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Research Papers: Conduction

Influence of Controlled Aggregation on Thermal Conductivity of Nanofluids

[+] Author and Article Information
Reza Azizian

Mem. ASME
Nuclear Science and Engineering Department,
Massachusetts Institute of Technology,
Cambridge, MA 02139
e-mail: Azizian@mit.edu

Elham Doroodchi

Center for Advanced Particle Processing,
Chemical Engineering Department,
The University of Newcastle,
Callaghan, New South Wales 2308, Australia
e-mail: Elham.Doroodchi@Newcastle.edu.au

Behdad Moghtaderi

Center for Energy,
Chemical Engineering Department,
The University of Newcastle,
Callaghan, New South Wales 2308, Australia
e-mail: Behdad.Moghtaderi@Newcastle.edu.au

1Corresponding authors.

Contributed by the Heat Transfer Division of ASME for publication in the JOURNAL OF HEAT TRANSFER. Manuscript received April 14, 2014; final manuscript received September 24, 2015; published online October 27, 2015. Assoc. Editor: Leslie Phinney.

J. Heat Transfer 138(2), 021301 (Oct 27, 2015) (6 pages) Paper No: HT-14-1190; doi: 10.1115/1.4031730 History: Received April 14, 2014; Revised September 24, 2015

Nanoparticles aggregation is considered, by the heat transfer community, as one of the main factors responsible for the observed enhancement in the thermal conductivity of nanofluids. To gain a better insight into the veracity of this claim, we experimentally investigated the influence of nanoparticles aggregation induced by changing the pH value or imposing a magnetic field on the thermal conductivity of water-based nanofluids. The results showed that the enhancement in thermal conductivity of TiO2–water nanofluid, due to pH-induced aggregation of TiO2 nanoparticles, fell within the ±10% of the mixture theory, while applying an external magnetic force on Fe3O4–water nanofluid led to thermal conductivity enhancements of up to 167%. It is believed that the observed low enhancement in thermal conductivity of TiO2–water nanofluid is because, near the isoelectric point (IEP), the nanoparticles could settle out of the suspension in the form of large aggregates making the suspension rather unstable. The magnetic field however could provide a finer control over the aggregate size and growth direction without compromising the stability of the nanofluid, and hence significantly enhancing the thermal conductivity of the nanofluid.

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Figures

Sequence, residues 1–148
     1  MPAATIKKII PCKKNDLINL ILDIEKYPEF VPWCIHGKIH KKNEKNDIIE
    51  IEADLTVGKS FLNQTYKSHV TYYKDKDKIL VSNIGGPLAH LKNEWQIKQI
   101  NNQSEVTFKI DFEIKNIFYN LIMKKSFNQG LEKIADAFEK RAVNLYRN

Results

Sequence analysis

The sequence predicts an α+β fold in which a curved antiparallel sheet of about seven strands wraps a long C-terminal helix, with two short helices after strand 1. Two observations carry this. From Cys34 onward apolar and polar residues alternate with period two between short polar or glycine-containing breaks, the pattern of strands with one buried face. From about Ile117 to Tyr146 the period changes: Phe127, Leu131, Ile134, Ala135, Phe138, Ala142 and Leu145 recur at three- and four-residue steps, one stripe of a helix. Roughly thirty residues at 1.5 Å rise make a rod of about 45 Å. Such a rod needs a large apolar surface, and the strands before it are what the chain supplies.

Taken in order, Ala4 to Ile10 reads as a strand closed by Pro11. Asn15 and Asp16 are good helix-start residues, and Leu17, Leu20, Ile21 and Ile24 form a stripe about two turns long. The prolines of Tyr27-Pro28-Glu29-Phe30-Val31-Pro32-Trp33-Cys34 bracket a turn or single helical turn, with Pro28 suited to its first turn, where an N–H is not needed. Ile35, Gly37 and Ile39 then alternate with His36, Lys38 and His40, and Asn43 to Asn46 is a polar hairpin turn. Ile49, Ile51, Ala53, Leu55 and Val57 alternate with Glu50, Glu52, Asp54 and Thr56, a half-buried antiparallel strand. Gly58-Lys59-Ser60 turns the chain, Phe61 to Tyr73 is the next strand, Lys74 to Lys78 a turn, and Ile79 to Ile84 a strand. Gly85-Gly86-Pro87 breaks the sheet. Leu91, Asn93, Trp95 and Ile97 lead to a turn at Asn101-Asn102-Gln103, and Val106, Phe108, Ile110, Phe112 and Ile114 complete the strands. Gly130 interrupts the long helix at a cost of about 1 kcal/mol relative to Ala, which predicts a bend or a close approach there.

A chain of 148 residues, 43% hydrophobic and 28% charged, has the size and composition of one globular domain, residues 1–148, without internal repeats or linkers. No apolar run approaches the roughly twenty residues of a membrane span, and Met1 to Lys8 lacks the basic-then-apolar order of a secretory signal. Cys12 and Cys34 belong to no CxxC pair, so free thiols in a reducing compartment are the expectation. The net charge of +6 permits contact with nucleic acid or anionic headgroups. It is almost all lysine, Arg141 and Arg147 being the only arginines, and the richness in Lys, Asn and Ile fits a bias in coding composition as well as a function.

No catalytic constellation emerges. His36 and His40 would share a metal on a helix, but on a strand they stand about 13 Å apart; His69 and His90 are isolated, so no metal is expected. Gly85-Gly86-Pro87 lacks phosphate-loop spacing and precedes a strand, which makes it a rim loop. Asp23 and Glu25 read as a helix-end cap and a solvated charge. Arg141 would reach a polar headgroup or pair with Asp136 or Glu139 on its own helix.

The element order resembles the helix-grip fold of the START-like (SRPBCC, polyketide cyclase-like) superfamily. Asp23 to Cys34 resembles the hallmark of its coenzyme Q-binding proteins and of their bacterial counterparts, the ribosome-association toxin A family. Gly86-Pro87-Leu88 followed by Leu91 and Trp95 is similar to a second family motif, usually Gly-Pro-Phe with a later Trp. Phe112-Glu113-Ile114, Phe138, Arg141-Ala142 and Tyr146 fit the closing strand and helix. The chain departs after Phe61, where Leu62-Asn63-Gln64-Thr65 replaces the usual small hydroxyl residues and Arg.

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Fig. 1

Schematic diagram of (a) electromagnet and (b) solenoid

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Fig. 2

(a) DLS size distribution of TiO2 (rutile) and Fe3O4 nanoparticles and (b) TEM image of Fe3O4 nanoparticles

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Fig. 3

XRD pattern of synthesized magnetite nanoparticles, inset: reference XRD pattern for Fe3O4 [15]

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Fig. 4

(a) Zeta potential (mV) measurement of different TiO2 (rutile)–water nanofluid samples at different pH values in comparison to two reported values, and (b) zeta potential as well as particle size for TiO2 (rutile)–water nanofluid samples prepared in the present study

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Fig. 5

Thermal conductivity and zeta potential of TiO2 (rutile)–water nanofluid measured at different pH values

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Fig. 6

Aggregation effect on effective thermal conductivity of nanofluids [25]

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Fig. 7

Thermal conductivity of the magnetite nanofluid under application of an external magnetic field parallel and perpendicular to the temperature gradient, in comparison to the thermal conductivity of DI water and TiO2 (rutile, 1 vol. %)–water nanofluid

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Fig. 8

Schematic diagram of aggregate formation in the direction of an external magnetic field (a) parallel and (b) perpendicular to the temperature gradient

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